Regarding the ongoing debate on mandatory generic prescribing vs trade mark
I have recently been working as a cooperant/senior pharmacist for nearly 3
years in Mozambique. I was linked to the MOH and MEDIMOC - the parastatal in
charge for drug imports to the public - as well as the private sector.
Generic prescribing has been mandatory by legislation and working practice
in Mozambique for nearly 20 years. It is still incorporated in the new drug
legislation (Lei dos Medicamentos) that is about to be approved these days.
No lawsuits have been received till now (maybe the setting is too small,
being brought to court for violating trade mark rights). Anyway - practice
shows several important advantages with the system in Mozambique:
- Drug Prices. Even in such a small market (USD 20 million/year) prices
were evaluated to be favourable in comparison to other countries in a
GATT survey from 1992. A diminished number of items and elevated
tendering volume for each item contributes to this tendency - more drugs for
- Rational Drug Use. As done in several developing countries, the INRUD
indicators have been reviewed in Mozambique public health facilities (Maputo
province). 85% of the 600 patients that was interviewed, knew how to take their
drugs in a setting with extreme poverty and high illiteracy. 98,5% of all
drugs were prescribed and dispensed as generics. I do not know any brand-name
market that has proven a similar patient knowlegde. The Generic setting in
Mozambique is so simple that all health care providers may instruct patient to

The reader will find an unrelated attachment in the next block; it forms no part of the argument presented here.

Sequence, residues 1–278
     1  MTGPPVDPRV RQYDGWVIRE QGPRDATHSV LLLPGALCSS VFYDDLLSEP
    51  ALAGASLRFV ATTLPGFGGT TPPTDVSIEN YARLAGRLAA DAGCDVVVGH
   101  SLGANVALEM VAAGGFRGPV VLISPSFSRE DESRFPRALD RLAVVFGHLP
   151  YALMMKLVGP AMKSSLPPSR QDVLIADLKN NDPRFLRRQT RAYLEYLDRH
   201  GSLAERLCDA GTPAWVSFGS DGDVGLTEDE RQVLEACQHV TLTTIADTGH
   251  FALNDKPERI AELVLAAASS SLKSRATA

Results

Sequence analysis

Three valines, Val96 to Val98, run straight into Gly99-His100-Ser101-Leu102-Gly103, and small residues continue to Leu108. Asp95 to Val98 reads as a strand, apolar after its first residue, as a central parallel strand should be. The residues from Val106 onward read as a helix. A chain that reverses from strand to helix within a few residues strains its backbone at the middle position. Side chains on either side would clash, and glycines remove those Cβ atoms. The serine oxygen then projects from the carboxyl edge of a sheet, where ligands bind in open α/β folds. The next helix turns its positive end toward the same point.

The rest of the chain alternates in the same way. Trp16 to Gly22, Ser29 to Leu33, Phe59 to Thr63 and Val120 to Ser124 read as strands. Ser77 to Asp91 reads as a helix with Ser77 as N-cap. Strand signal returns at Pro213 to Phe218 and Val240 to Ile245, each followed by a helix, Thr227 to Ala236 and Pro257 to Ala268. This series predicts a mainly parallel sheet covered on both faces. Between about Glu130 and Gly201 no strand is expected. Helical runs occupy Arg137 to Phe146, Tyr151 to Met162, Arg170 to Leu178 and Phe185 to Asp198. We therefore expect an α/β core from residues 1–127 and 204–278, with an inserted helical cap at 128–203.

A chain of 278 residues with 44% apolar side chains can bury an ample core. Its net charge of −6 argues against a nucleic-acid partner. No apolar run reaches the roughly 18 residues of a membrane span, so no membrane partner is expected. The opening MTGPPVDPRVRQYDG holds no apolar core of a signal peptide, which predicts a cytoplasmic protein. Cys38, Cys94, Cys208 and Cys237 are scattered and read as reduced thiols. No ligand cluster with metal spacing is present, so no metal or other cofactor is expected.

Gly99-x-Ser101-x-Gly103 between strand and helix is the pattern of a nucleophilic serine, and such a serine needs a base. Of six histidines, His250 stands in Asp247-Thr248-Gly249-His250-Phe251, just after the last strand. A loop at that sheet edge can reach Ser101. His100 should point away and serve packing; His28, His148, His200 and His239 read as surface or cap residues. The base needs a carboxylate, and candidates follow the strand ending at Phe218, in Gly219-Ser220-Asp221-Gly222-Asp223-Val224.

have good knowlegde of their drugs - they even remember the INN-names ! All
this will obviously
contribute to elevated patient compliance.
Being a developed country, Norway is also considering generic
prescribing/substitution. The patients have the rights to organise
substitution - cooperating with a pharmacist.
Only 1 out of 10 new drugs entering the market are considered to represent
a real improvement (SCRIP I-95). The other drugs (that may be called "me-too
drugs") are in general terms just elevating health expenditures, and in
addition contribute to a higher grade of confusion amongst perscribers,
nurses and patients. These facts are now driving several Norwegian hospitals
to give preference to generic names in their drug lists.
In summary - I hope that brand names/branded generics will loose the
current right to confuse drug markets in any country. I think Richard puts
forward a very sound and mild strategy in the setting. And I do hope that
Eberhard will change his mind - not only representing the interests of brand
name representatives. It is important to support a generic strategy.
I do not expect this to end the debate.